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Tuesday, October 19, 2021

Ex-major leaguer Matsuzaka walks away from baseball with love for game

Former Boston Red Sox right-hander Daisuke Matsuzaka said Tuesday he is glad he can end his 23-year baseball career still loving the game.

The 41-year-old seven-time Japanese Golden Glove winner pitched one last time for the Seibu Lions, the Pacific League club where he started his career at age 18, at MetLife Dome on Tuesday night.

He took the mound against the Nippon Ham Fighters wearing No. 18, the “ace number” he wore in 1999 when he turned pro straight out of Yokohama High School….

Matsuzaka announced his retirement on July 7 after failing to recover from a cervical spine surgery last year. Before he signed with Seibu for the 2020 season, he was with the Central League’s Chunichi Dragons for two years and saw minimal action in 2019.

In discussing his decision to retire on Tuesday, Matsuzaka said he began setting things in motion after a bullpen session in late April, during which he nearly hit a batter in the head with a pitch.

Numbness in his right hand following the surgery had left him “scared of throwing balls,” he said. “I thought to myself, ‘I can’t throw anymore. I have to quit.’”

RoyalsRetro (AG#1F) Posted: October 19, 2021 at 10:46 AM | 24 comment(s) Login to Bookmark
  Tags: daisuke matsuzaka, japanese baseball

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   1. villageidiom Posted: October 19, 2021 at 11:28 AM (#6047406)
Facing the Fighters' leadoff batter Kensuke Kondo, Matsuzaka threw a strike with his second pitch before issuing a walk on five pitches and making way for Ken Togame. He clocked 118 kilometers per hour with his fastest pitch of the night.
If they brought him to Fenway to throw out a ceremonial first pitch, and I were there, I would definitely cheer him. He never lived up to the hype, but that was a problem with the hype because he was genuinely good.
   2. Jose Has Absurd Goosebump Arms Posted: October 19, 2021 at 11:34 AM (#6047411)
Yeah, if he doesn't get hurt after 2008 it would have been curious to see how his career panned out. 126 ERA+, winning pitcher in game seven of the ALCS and game three of the World Series, dude did a good job those first couple of years for the Sox.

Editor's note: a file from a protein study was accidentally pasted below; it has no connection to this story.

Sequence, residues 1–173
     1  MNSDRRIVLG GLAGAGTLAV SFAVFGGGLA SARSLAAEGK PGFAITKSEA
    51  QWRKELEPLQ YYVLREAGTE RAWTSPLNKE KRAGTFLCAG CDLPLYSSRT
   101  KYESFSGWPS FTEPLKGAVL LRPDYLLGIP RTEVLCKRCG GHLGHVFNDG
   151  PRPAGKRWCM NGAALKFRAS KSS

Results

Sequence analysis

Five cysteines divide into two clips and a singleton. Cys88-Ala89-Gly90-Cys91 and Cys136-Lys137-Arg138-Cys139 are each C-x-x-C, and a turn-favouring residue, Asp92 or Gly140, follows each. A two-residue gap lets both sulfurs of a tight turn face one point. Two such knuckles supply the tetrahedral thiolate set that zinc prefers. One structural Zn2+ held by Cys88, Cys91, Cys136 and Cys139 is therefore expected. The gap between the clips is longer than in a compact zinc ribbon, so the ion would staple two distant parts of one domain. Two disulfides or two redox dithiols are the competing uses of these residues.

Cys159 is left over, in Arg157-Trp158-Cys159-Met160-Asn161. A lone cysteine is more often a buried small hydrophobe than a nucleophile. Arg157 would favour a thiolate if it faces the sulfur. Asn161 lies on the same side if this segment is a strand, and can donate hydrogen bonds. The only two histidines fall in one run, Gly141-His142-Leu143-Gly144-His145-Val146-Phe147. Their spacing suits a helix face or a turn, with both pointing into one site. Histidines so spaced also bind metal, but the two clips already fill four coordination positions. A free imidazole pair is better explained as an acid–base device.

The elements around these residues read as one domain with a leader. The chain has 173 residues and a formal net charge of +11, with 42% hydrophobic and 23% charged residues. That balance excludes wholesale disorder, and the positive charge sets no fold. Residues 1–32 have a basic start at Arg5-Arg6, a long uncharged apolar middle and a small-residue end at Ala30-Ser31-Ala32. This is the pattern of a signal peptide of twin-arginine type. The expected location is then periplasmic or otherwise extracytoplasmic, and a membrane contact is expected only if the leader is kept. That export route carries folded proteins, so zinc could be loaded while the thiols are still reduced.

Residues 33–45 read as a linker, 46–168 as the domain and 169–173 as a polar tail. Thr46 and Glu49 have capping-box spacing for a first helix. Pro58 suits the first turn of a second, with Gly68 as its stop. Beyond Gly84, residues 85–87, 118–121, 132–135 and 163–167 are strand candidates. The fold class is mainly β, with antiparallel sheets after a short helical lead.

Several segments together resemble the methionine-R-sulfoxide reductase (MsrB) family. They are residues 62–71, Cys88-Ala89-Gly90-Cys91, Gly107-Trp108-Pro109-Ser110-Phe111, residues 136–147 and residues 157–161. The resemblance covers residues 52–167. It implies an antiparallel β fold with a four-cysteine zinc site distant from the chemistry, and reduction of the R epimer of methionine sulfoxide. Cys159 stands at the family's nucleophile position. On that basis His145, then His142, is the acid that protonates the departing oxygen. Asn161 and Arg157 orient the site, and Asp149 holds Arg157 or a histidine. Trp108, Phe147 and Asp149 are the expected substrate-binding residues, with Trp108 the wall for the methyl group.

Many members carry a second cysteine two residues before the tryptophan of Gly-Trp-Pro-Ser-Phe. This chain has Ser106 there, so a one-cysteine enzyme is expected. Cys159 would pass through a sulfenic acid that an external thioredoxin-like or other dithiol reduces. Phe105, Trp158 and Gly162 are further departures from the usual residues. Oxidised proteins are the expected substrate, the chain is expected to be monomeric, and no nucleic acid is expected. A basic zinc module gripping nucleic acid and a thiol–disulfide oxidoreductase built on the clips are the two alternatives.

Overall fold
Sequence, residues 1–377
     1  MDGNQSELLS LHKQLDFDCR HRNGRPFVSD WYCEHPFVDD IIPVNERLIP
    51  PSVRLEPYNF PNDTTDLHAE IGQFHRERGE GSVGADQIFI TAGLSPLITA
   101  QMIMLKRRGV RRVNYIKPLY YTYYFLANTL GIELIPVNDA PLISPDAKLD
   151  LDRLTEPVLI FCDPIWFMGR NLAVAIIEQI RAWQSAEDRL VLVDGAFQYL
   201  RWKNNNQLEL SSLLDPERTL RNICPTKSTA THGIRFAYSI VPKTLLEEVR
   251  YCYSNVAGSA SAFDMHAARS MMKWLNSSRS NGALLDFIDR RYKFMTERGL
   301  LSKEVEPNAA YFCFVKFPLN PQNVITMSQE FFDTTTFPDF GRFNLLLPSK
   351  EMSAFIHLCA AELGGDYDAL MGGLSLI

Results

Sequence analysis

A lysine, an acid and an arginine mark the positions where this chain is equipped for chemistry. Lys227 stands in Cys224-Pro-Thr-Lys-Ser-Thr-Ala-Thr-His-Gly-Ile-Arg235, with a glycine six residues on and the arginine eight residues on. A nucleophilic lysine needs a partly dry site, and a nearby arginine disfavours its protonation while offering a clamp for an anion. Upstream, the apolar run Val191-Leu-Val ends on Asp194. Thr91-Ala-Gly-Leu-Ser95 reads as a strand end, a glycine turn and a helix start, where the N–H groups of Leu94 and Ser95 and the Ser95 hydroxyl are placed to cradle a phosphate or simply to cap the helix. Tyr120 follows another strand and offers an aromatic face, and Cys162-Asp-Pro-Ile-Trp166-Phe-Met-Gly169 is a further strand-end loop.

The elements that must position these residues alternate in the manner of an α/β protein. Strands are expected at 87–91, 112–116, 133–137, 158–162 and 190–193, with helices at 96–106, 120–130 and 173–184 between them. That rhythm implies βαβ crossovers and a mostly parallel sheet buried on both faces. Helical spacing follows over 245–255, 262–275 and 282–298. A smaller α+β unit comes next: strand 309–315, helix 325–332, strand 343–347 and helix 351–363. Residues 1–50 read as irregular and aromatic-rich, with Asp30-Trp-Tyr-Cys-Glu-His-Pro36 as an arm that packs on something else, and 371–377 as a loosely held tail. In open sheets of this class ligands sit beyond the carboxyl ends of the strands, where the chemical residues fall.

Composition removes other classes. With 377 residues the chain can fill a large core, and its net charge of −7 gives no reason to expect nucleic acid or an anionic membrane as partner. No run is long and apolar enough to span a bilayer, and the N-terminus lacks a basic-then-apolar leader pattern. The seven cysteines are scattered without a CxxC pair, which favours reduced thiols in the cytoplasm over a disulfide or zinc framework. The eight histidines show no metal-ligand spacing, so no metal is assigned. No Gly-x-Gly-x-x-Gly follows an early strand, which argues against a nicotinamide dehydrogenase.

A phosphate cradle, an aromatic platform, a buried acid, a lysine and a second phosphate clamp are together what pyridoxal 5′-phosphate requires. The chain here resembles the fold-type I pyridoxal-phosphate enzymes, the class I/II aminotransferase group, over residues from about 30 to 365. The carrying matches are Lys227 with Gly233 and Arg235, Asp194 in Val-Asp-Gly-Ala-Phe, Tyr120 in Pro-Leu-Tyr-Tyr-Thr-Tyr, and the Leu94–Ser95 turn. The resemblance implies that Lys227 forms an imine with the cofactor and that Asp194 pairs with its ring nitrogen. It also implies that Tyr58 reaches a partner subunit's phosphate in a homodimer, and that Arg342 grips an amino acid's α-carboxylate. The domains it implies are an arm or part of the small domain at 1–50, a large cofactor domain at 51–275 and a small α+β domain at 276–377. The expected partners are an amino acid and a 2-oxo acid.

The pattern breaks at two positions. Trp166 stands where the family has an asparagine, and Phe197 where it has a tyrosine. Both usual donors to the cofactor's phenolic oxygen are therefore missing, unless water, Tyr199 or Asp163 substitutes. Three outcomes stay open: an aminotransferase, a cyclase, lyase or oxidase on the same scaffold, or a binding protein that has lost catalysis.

3. Darren Posted: October 19, 2021 at 11:56 AM (#6047413)
Never made an All-Star game, which surprises me. I would have thought that he would have gotten one in either 2007 or 2008.

Seems like a perfectly fine dude who loved baseball. But man, he really put viewers to the test in separating your feelings for him and your feelings for watching him pitch. Even when he was pitching pretty well, every batter was torture, innings were endless, and walks abounded.

Yeah, if he doesn't get hurt after 2008 it would have been curious to see how his career panned out. 126 ERA+


I don't really remember seeing some sea change after the injury (my memory sucks though). By 2008, his control issues were already present but he somehow (luck? skill?) kept his ERA low. The injury basically wiped away 2009, but his 2010 was very similar to his 2008 in terms of peripherals and innings, and the results were okay too (93 ERA+).

Overall, a really good pitcher for a couple of years, contributor to a championship team, and an interesting story. Good enough.

For those interested, his final numbers (from Baseball Reference):

NPB: 114-65, 3.04 ERA, 1,464.1 IP, 1,229 H, 1,410 K, 538 BB, 117 HR.
MLB: 56-43, 4.45 ERA, 790.1 IP, 721 H, 720 K, 387 BB, 85 HR, 9.4 WAR, 4.35 FIP.

   4. Rough Carrigan Posted: October 19, 2021 at 01:38 PM (#6047466)
#3. Yeah, back circa 2008-2010, I remember a buddy and I talking to a couple of ushers before a game on a really hot day and they were grateful that Daisuke wasn't pitching that day. His games were long even for the Red Sox of the time.
   5. Infinite Yost (Voxter) Posted: October 19, 2021 at 01:53 PM (#6047468)
But man, he really put viewers to the test in separating your feelings for him and your feelings for watching him pitch. Even when he was pitching pretty well, every batter was torture, innings were endless, and walks abounded.


I don't think there's ever been a player who I found more irritating to watch, despite the fact that he was quite good for a while there. I think the most frustrating thing was that it seemed like he had the stuff to challenge guys more, cut down on the walks, and MOVE THE EFFING INNING ALONG. I was dazzled by his first start (7 innings, 10 Ks, just the one walk), and with every subsequent pitch he threw he annoyed me a little more. And then he got hurt and was never the same again.

Anyway, I'm glad he enjoyed his career, and he did give the Red Sox some pretty good innings for a couple of years. But ye gods, I have flashbacks to grinding my teeth while he pitched.
   6. Infinite Yost (Voxter) Posted: October 19, 2021 at 01:55 PM (#6047470)